4 Comments

  1. Don Spaeth
    May 15, 2012 @ 04:37:23

    Lovely introductory Ukulele lesson.
    I started collecting vintage ukuleles in 2005–buying mostly on eBay. At the depth of my obsession I had over 50. My wife was shaking her head and making serious threats, so we thinned the herd a bit. While I love the looks and vibe of a soprano ukulele, they are very difficult to play. The fretspace is so small. My favorite playing-out ukulele is the Tenor.
    I would recommend playing some vintage ukes–mahogany sounds and looks very different from koa. I love my Martins, but check out Mele Ukulele from Hawaii. Great instruments, roadworthy, beautiful, wonderful tone. Affordable. Gibson and Gretsch vintage ukuleles are available to the dedicated collector.

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  2. Mat (The Laughing Bard)
    May 21, 2012 @ 23:45:16

    One way to tell if it’s a toy Ukulele is to look if it has a Sponge Bob logo on it…

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  3. Adam
    Oct 30, 2012 @ 10:47:37

    Thanks, David! I always learn a bunch from your articles. I think I’m confused, though. Did I follow the tuning explanation for the non baritone models right? The fourth string (G) is tuned higher than the third string (C) and second string (E)?

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    • David Hodge
      Oct 30, 2012 @ 12:02:12

      Hi Adam

      And thank you for your kind words.

      You did indeed get the explanation correctly. Part of the ukulele’s distinct sound comes from this tuning, which is called re-entrant tuning, where the fourth string is tuned higher than the second and third. If you’re tuning to a keyboard, the C string would be tuned to middle C. Then the E string is tuned to the E just above middle C and the G string is tuned to the G above middle C. So hitting those three strings in that specific sequence – C, E, G – gives you a C major arpeggio, running from root (C) to third (E) to fifth (G). The A string is then tuned to the A above middle C, which is one whole step up from the G string.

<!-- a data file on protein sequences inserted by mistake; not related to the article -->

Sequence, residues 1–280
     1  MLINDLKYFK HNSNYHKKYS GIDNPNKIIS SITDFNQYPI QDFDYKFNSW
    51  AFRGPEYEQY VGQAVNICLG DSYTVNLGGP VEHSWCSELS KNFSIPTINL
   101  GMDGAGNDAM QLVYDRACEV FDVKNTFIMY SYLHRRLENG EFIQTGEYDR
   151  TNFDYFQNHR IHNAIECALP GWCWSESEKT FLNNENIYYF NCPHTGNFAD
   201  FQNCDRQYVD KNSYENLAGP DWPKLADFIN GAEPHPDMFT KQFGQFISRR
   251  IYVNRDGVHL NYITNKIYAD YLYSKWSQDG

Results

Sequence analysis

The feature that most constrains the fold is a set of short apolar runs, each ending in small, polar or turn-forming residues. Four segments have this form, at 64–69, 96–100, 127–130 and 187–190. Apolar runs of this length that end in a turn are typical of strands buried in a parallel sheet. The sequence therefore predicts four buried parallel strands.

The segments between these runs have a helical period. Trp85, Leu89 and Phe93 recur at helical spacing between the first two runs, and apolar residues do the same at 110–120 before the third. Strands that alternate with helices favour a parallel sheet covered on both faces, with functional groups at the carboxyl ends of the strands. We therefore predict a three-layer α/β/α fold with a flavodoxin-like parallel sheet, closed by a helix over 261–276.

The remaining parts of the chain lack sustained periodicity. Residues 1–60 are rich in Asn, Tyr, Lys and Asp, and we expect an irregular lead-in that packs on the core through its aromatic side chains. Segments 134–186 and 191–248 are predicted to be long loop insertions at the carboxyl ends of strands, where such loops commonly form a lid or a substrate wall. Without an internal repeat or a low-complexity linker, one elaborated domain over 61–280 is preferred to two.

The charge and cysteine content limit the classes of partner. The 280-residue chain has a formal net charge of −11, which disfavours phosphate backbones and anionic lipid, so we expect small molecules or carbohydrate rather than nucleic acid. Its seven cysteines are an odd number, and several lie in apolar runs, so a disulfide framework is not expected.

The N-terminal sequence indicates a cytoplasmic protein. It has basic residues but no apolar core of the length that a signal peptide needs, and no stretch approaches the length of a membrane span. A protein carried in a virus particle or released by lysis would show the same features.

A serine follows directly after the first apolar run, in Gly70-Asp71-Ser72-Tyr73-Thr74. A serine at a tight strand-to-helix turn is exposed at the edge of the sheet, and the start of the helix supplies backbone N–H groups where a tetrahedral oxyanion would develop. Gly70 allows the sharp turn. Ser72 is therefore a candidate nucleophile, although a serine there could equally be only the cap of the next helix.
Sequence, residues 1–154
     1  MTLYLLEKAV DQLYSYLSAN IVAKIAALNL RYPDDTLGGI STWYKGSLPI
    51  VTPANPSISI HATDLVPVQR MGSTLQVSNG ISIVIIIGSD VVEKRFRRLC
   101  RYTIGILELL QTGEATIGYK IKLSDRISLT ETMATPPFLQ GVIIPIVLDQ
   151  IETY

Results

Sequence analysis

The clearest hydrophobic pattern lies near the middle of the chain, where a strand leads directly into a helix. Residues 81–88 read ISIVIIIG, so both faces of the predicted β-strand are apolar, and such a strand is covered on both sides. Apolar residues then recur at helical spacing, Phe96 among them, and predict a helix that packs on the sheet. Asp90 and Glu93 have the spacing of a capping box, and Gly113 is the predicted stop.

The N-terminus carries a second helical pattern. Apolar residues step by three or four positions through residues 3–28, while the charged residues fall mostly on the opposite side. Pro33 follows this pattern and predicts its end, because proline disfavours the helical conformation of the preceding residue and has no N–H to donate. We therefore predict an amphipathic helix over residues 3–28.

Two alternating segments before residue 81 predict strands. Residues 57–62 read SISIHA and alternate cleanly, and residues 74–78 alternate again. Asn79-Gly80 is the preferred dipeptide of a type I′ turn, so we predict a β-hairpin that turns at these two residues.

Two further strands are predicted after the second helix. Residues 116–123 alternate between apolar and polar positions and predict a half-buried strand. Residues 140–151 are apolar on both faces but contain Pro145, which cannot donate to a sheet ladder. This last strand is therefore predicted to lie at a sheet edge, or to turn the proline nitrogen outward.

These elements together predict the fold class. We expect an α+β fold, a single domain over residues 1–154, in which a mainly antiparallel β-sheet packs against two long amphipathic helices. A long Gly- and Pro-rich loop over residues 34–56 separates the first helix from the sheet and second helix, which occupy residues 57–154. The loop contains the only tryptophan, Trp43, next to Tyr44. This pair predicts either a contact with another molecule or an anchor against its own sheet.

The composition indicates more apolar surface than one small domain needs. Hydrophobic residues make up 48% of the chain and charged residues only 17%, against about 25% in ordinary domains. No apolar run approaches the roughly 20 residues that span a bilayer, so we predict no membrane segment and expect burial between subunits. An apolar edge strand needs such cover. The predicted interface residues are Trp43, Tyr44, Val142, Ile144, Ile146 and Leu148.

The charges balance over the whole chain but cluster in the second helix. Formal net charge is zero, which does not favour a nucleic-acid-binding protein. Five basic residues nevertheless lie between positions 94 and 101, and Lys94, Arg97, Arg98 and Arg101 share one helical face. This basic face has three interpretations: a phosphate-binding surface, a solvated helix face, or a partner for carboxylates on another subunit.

In some ways, it’s a little like playing a five-string banjo, with a very high note being the first string struck when strumming.

      It goes without saying, though, that some folks just don’t like the sound of re-entrant tuning and will buy a thicker gauge G string that can be tuned an octave lower, that note being the G below middle C (the same as the G string on the guitar). For some reason a lot of tenor ukulele players do this (some will even insist it’s the only way to tune a tenor uke), but it can also be done on both the soprano and the concert sizes.

      And then there are folks (myself included) that have a separate uke for each of these possible g-strings. Totally up to you, of course!

      I hope this helps. As always, feel free to post any further questions you may have here or simply email me directly at dhodgeguitar@aol.com. I look forward to chatting with you again.

      Peace

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